This article is part of a series on COVID-19 focusing on how the outbreak is affecting industries, economies and consumers.
Even before the Coronavirus (COVID-19) pandemic hit the global economy, consumers around the world were bringing wellbeing in-house, turning to new technologies and trends in the health and wellness industry. Drivers of the household wellness trend included the Millennial desire for experience and self-improvement, rising technology and broadband access, resulting in consumers choosing to cocoon at home, fewer children (a decline in children per household globally, from 1.4 in 2000 to 0.9 by 2040), allowing for greater discretionary spending, and a dramatic shift in attention to mental wellbeing.
With the COVID-19 pandemic forcing many to remain at home for protracted periods, and “cocooning” is further strengthened by quarantines and lockdowns, at-home wellness trends are accelerating:
• Quarantined consumers are embracing digital wellness products and content;
• COVID-19 health concerns are impacting areas such as mental wellbeing, nutrition and at-home healthcare for the elderly;
• Stuck at home during lockdowns, consumers want to feel more comfortable in their household, increasing demand for home and garden wellbeing products;
• With a global recession looming on the back of the COVID-19 impact, frugal-friendly cocooning trends will only strengthen.
Source: Euromonitor International
Quarantined consumers embrace digital wellness products and content
Many of today’s home wellbeing trends, from using digital appliances to researching wellness trends online and ordering goods via internet retailers, are a result of digitisation.
Internet-enabled products and services worldwide are seeing massive spikes in demand as consumers seek to pass the time during virus-enforced lockdowns and social distancing measures, fuelling demand for at-home fitness products and services:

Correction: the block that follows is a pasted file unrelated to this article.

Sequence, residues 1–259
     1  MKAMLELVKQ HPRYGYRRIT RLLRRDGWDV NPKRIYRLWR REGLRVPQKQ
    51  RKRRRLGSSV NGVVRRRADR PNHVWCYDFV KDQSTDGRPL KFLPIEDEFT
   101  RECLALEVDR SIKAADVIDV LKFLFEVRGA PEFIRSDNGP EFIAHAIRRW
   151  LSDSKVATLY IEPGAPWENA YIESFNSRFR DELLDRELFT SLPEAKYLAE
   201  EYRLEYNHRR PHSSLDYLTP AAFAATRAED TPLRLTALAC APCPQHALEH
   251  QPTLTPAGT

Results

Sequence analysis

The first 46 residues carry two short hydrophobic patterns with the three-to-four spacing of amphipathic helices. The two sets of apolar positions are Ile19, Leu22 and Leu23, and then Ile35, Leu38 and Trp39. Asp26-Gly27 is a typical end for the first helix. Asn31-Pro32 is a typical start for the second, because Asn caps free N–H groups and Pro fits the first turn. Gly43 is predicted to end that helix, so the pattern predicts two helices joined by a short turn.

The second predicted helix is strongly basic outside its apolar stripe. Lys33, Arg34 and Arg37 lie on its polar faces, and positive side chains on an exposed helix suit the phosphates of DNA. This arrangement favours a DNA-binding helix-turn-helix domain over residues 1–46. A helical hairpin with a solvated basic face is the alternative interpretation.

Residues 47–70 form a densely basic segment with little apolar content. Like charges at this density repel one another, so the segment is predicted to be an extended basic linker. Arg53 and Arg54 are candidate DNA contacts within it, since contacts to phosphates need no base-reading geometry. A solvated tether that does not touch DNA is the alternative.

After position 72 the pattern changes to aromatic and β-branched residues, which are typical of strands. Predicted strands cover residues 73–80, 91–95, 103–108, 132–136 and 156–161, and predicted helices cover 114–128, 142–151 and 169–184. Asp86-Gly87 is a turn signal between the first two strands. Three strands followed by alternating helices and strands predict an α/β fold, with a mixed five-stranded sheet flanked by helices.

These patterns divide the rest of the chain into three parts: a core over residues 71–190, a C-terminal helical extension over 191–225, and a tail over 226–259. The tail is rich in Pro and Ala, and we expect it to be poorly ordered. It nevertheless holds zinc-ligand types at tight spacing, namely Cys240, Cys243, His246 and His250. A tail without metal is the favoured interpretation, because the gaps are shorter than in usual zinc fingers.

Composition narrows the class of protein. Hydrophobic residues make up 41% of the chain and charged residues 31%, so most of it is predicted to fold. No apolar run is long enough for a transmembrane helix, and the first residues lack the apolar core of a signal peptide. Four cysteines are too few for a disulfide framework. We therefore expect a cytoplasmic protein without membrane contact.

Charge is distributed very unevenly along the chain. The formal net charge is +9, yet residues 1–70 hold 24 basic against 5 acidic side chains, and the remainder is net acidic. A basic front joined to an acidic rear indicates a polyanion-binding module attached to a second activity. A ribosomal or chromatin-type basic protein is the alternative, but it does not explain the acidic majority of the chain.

• US fitness specialist ClassPass, which has expanded its focus on home-based classes, has seen a jump in subscriptions throughout March and April 2020;
• Orders of Mirror, a USD1,495 fitness full-length connected device that comes alive with an LCD panel, stereo speakers, camera and a microphone, have also spiked throughout the 2-month period.
The fitness market will not move to the household wholesale, but it will embed habits and open up the segment to adoption among new audiences, making it a more widely accepted and mainstream activity.
Mental wellbeing rising in importance in light of pandemic effects
Rising anxiety levels during the pandemic are turning more consumers towards goods that can help with mental wellbeing. This is creating demand for home-based OTC sleep aid devices, especially as many health-conscious consumers are avoiding sleep aids that include the ingestion of chemicals. The global retail value of sleep aids reached around USD3.0 billion in 2019.
There are many kinds of devices that purport to improve consumers’ ability to both fall asleep and remain asleep, as well as improving the quality of rest. These include specialised mattresses, such as US-based bed specialist Eight Sleep’s Eight Smart Mattress, which includes a tracker that provides daily analysis of a sleeper’s quality of sleep.